Modern methods for isolating epithelial cells from Fallopian tube have not emerged from the field of infectious disease, but rather from studies on the origins of ovarian cancer, in particular high-grade serous ovarian carcinoma (HGSOC) (169). The desire to have models for studying oncogenic transformation of fallopian tube secretory cells has led to the development of isolation methods for primary fallopian tube secretory epithelial cells (FTSECs) and immortalized lines derived from these primary cells (170). Unfortunately, a side effect of fallopian tube epithelial cell isolation is a gradual loss of ciliated cells from culture upon passage (169). Indeed, ciliated cells appear to be a terminally differentiated cell type. In the murine airway epithelium, stem/progenitor cells known as basal cells give rise to secretory epithelial cells, which can then undergo terminal differentiation into ciliated cells (171). The maintenance of a secretory phenotype in this system is dependent on continuous signaling through the intercellular signaling receptor Notch2, without which secretory cells become ciliated cells. A similar linage relationship was also established for the epithelial cells of murine oviduct, where secretory cells are capable of self-renewal, as well as capable of differentiating into ciliated cells (172). In the oviduct, the balance of Wnt/β-catenin signaling is critical in both the maintenance of the secretory cell population and the differentiation into ciliated cells. While the human fallopian tube may not directly replicate the murine system, understanding the signals that are needed to maintain healthy mixed populations in culture allows us to improve how we establish and maintain in vitro models. Host developmental signaling pathways themselves may also be targets for pathogens, as evidenced by the ability of C. trachomatis to disrupt Wnt signaling in infected (and neighboring) epithelial cells in fallopian tube explants (100).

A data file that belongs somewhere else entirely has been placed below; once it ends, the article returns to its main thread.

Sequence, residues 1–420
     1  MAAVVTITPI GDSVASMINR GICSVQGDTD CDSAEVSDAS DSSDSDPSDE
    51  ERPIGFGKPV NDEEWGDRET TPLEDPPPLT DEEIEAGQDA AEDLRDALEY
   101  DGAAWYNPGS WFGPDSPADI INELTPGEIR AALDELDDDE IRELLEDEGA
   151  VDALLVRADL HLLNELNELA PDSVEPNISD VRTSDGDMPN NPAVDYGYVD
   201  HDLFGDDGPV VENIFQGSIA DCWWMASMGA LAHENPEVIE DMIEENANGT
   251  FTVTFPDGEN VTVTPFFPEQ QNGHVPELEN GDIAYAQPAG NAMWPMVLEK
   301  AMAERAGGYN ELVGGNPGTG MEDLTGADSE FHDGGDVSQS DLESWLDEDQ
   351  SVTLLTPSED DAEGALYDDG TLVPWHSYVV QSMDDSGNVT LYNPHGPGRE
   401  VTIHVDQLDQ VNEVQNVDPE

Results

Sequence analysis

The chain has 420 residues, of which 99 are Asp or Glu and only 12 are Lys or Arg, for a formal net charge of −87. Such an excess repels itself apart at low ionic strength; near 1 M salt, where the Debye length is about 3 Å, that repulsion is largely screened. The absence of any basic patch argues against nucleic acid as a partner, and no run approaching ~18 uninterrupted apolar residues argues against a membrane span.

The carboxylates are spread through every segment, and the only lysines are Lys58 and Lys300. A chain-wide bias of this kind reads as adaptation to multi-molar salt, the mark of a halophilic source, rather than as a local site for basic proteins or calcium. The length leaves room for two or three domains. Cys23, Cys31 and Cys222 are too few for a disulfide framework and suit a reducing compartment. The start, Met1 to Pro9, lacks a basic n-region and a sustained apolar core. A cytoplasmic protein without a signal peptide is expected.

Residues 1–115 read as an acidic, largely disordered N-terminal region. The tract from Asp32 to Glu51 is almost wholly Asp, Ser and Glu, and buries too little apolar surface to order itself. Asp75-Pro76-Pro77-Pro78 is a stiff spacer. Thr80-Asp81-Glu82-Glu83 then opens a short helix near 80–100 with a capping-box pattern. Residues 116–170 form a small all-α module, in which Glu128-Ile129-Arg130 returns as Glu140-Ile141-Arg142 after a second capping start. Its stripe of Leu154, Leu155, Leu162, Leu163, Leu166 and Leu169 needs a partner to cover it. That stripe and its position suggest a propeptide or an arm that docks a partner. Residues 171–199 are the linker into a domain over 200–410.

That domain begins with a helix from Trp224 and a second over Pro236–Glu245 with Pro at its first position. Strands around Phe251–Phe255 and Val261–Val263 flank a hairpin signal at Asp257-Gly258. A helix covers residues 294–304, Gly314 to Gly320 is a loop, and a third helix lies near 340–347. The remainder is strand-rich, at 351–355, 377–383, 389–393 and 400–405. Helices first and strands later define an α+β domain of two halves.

Defining an epithelial stem cell niche in the oviduct and determining the signals necessary to promote ciliated and secretory cell differentiation raises the possibility of using a patient's own stem cells to correct damage. Such repair could potentially restore fertility following tissue injury incurred from an STI or chemotherapy. Stem cells also provide additional possibilities for the generation of human-derived research materials. Induced pluripotent stem cell (iPSC) lines have been used to generate fallopian tube epithelium de novo (173). iPSCs first need to be induced to differentiate into intermediate mesoderm-like cells, and can subsequently be treated with Wnt pathway agonists (Wnt4 and Follistatin) to generate a fallopian tube epithelium that contains both ciliated and secretory cells. It is also possible to isolate multipotent mesenchymal stem cells (MSCs) from whole human fallopian tube tissue, as well as a subset of less proliferative MSCs from the mucosal portion of the tissue alone (174). These cells are capable of differentiation on adipogenic, osteogenic, and chondrogenic pathways and produce cytokines such as GM-CSF, IL-4, IL-6, TNFα and IFNγ. Kessler et al. demonstrated the isolation of adult stem cells from fallopian tube tissue, as well as defined the necessary culturing process to generate epithelia with a mixture of ciliated and secretory cells (175).